Opinion recap: Much more than raisins?
on Jun 10, 2013 at 12:41 pm
Giving industries that are regulated by the federal government a potentially broad opportunity to blunt enforcement orders, the Supreme Court ruled unanimously on Monday that farmers are allowed to claim in regular federal courts that they have been wrongly fined for violating an order on the marketing of their crops. The ruling, while coming in the context of government regulation of farming, may have a considerably broader impact.
In essence, the Court’s ruling in a raisin growers’ case — Horne v. Department of Agriculture (docket 12-123) — appeared to mean that regulated entities cannot be compelled to pay regulatory fines before they may contest their constitutionality, under the Fifth Amendment’s protection against uncompensated government seizure of private property (the Takings Clause).
Justice Clarence Thomas’s opinion for the Court did not declare a final victory for the California raisin-producing family involved in the case, but it did give them a chance to bring a fundamental challenge to the government’s authority to fine them for failing to put aside a part of their annual processing of raisins in order to help boost the price of raisins generally.
If the decision were understood as confined to the agricultural field, its potential still appeared to be quite significant. If the government has less authority to impose monetary fines and penalties for failing to obey its regulatory mandates, that will diminish its authority to issue those mandates in the first place. The government has been closely regulating the selling of farm crops since the Great Depression, and continues to enforce a wide array of marketing mandates for crops, ranging from nuts to honey made by bees. Typically, farmers get paid for keeping some of their harvest off the market, so that the price of the share going to market is inflated.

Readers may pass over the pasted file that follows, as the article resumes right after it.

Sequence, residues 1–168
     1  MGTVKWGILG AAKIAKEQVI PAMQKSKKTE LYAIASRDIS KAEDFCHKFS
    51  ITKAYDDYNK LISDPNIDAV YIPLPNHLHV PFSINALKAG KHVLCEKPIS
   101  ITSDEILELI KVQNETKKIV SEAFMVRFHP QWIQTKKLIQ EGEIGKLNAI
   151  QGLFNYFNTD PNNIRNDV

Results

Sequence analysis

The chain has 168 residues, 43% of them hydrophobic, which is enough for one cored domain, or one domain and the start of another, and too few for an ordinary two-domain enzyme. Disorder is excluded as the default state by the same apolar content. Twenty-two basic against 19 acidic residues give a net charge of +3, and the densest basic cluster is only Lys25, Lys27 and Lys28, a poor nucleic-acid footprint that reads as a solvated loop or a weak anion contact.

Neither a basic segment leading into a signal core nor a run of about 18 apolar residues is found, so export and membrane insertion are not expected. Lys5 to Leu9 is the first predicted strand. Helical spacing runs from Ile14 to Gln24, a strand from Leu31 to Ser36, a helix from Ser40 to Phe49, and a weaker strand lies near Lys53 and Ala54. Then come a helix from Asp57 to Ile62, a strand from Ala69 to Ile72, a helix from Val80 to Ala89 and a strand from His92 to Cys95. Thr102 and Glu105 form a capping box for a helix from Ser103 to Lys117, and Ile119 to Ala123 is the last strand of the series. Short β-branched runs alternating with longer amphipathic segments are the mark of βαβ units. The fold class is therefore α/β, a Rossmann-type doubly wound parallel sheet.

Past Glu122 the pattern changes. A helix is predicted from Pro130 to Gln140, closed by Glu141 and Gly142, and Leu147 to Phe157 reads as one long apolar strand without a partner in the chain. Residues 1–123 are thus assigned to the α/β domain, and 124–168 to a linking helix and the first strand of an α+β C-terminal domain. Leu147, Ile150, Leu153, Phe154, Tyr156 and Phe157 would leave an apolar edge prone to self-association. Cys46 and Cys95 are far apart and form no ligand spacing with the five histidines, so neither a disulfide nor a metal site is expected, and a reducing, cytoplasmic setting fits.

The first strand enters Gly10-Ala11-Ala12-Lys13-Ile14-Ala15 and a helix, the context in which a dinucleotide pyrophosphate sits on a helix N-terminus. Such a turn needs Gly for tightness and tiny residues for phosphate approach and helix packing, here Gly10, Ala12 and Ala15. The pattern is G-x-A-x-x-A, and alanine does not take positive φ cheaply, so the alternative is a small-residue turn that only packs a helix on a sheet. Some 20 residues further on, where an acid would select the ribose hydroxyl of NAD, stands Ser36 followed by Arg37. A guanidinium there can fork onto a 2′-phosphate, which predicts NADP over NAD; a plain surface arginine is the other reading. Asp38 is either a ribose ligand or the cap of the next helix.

When this case, involving a California couple — who once complained to the Agriculture Department that its raisin-marketing controls were un-American and smacked of “a communist state” — returns to lower courts, they will be able to challenge without first paying it $483,843.53 in civil penalties for failing to set aside enough of two years of raisins they had processed for themselves and for other growers.
Although at one point in this case, the couple was arguing that the crop set-aside requirement itself was an unconstitutional “taking” of the raisins kept off the market, the Court treated their present claim as being that the command that they pay a considerable sum was the “taking” that was unjustified under the Constitution’s Fifth Amendment. Lower courts will have to sort out what kind of “taking” the Horne family is actually asserting at this stage of the case.
Reading between the lines of the Court’s opinion, it would seem to be a signal that a wide array of businesses that live under government regulatory regimes will be able to bring constitutional “takings” claims in response to assessment of fines or civil penalties for disobeying those regimes.
A federal law known as “the Tucker Act” generally requires an entity which claims that the government has seized private property without paying compensation for it to bring that claim before a specialized tribunal, the Court of Federal Claims. But the Court’s new ruling said that the Act does not apply when a farmer who has been found to have violated an agricultural marketing order, and has been fined, seeks to defend against the penalty by arguing that it was a “taking.”
Agricultural marketing orders are enforced within the Department of Agriculture itself, and can result in an order to pay a substantial amount, as happened with the Horne family. But a farmer faced with such an order can now go to a regular federal district court with a “takings” claim, and have that claim judged before payment is actually due. They won’t have to pay up, and then go in a separate plea to the the Court of Federal Claims.
The ruling thus was a potentially major setback for the Department of Agriculture in particular, especially if the Hornes win their “takings” claim when the case is completed in lower courts. Its broader impact, beyond the agricultural marketing field, will depend upon how lower courts interpret the language of the Court’s opinion in different factual settings.